|Name||Dunmow St Mary’s Primary School|
|Ofsted Inspection Rating||Good|
|Inspection Date||17 June 2014|
|Address||High Stile, Great Dunmow, Essex, CM6 1EB|
|Religious Character||Church of England|
|Number of Pupils||411 (54% boys 46% girls)|
|Number of Pupils per Teacher||21.2|
|Percentage Free School Meals||9.2%|
|Percentage English is Not First Language||7.5%|
|Pupils with SEN Support||11.7%|
|Catchment Area Information Available||Yes, our catchment area data is FREE|
|Last Distance Offered Information Available||Yes|
Information about this school
The school is above average in size for a primary school, with two classes in each age group. The very large majority of pupils are White British, with a few coming from a range of other ethnic heritages. Very few pupils speak English as an additional language. The proportion of pupils who are supported by the pupil premium is below average. This is extra government funding to help the education of pupils who are known to be eligible for free school meals or looked after by the local authority. The school meets the government’s floor standards, which are minimum expectations set for pupils’ attainment and progress in reading, writing and mathematics by the end of Year 6. The proportion of disabled pupils and those who have special educational needs supported at school action is below average. The proportion supported at school action plus, or through a statement of special educational needs, is also below average. The headteacher took up the permanent post in September 2013. In the previous year, she had shared the responsibility for the running of the school with the previous headteacher. A privately run before- and after-school care facility operates on the school site. This is inspected and reported upon separately. During the inspection, one of the Year 6 classes was out of school on a residential trip.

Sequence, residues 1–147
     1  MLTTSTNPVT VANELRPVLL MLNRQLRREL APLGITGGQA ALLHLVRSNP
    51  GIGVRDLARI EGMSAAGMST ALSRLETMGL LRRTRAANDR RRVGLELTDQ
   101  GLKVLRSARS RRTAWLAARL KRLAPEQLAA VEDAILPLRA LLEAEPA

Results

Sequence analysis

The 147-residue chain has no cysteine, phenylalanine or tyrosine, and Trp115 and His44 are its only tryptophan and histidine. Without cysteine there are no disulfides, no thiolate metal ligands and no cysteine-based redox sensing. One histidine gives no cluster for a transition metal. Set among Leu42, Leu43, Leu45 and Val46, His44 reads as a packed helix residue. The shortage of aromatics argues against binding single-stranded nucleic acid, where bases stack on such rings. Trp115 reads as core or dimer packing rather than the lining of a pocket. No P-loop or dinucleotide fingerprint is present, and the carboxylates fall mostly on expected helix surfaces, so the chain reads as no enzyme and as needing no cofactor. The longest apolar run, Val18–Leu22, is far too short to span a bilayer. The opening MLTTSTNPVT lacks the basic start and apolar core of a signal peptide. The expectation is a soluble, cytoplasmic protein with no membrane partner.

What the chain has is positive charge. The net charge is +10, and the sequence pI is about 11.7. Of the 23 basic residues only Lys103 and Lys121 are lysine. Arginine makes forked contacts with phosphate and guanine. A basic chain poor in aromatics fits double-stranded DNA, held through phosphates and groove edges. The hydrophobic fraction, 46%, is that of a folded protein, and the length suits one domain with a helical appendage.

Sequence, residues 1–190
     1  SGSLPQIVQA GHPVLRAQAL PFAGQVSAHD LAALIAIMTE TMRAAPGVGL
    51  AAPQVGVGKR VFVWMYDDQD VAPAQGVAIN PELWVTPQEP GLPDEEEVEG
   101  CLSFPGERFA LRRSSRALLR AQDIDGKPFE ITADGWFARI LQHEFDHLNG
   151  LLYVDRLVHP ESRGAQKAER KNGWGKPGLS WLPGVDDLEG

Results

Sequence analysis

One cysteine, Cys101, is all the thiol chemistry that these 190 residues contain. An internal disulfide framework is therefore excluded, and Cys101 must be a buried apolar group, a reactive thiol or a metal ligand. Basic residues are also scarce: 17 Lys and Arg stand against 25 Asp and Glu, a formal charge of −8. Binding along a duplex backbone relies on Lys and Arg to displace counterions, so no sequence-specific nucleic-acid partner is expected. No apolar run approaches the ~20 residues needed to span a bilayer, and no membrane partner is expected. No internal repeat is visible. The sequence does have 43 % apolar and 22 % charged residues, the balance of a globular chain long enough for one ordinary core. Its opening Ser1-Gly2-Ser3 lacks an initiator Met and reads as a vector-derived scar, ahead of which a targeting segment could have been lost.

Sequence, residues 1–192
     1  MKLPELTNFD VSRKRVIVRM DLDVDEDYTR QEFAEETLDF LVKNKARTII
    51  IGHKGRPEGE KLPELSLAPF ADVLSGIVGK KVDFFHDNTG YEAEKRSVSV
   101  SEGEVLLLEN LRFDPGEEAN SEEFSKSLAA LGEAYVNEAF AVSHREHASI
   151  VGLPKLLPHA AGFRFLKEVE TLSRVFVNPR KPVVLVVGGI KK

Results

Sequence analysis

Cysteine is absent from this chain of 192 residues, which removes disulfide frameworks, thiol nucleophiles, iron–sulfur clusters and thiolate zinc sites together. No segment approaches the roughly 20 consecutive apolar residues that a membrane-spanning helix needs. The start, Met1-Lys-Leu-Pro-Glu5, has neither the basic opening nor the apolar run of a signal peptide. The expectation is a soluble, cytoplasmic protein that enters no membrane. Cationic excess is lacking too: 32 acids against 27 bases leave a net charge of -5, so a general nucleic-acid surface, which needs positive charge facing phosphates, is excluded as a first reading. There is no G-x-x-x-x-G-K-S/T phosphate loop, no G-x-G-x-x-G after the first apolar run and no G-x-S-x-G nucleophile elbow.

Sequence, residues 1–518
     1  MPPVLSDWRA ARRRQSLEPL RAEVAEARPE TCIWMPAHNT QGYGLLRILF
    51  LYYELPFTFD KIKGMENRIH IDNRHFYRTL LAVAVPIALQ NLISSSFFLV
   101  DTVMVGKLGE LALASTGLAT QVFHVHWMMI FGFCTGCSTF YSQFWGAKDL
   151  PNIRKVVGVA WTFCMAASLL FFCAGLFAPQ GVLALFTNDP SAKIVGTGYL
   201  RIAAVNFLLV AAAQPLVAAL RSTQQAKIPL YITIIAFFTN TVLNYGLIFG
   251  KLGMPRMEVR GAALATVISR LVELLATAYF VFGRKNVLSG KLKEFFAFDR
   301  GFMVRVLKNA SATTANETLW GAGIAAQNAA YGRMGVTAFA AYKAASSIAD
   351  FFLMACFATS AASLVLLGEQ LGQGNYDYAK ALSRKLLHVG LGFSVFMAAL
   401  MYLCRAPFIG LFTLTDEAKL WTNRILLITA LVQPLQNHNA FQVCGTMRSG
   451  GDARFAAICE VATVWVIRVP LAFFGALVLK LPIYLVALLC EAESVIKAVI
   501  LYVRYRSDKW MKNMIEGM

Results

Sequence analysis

Summary of key findings for parents and pupils
This is a good school. The headteacher, senior staff and governors have successfully focused on improving the quality and consistency of teaching and pupils’ progress over the last year. Achievement is rising across the school. Children in the Reception classes settle happily and make good progress thanks to a wide range of stimulating, well-taught activities. All pupils are making good progress in reading, writing and mathematics. Teachers are particularly successful in engaging pupils in learning, so they are enthusiastic, keen to learn and take a pride in their achievements. Teachers make increasingly good use of improved information about what pupils already know and can do when setting work. As a result, pupils of all abilities generally find tasks challenging but manageable. Pupils thoroughly enjoy school, behave well and, rightly, feel safe there. They have good relationships with each other and with staff. Attendance is above average and rising. The curriculum is enhanced by a wide range of sporting activities, visits and visitors, and interesting practical work, so pupils say that lessons are fun. It is not yet an outstanding school because : Occasionally, some pupils find the work they are doing too easy, or too hard, so their progress slows. Despite recent improvements, there remain weaknesses in pupils’ skills in spelling, punctuation and grammar. The marking of pupils’ written work does not tell them clearly enough how to improve it. Even when they are given good advice, teachers do not always ensure that pupils follow this.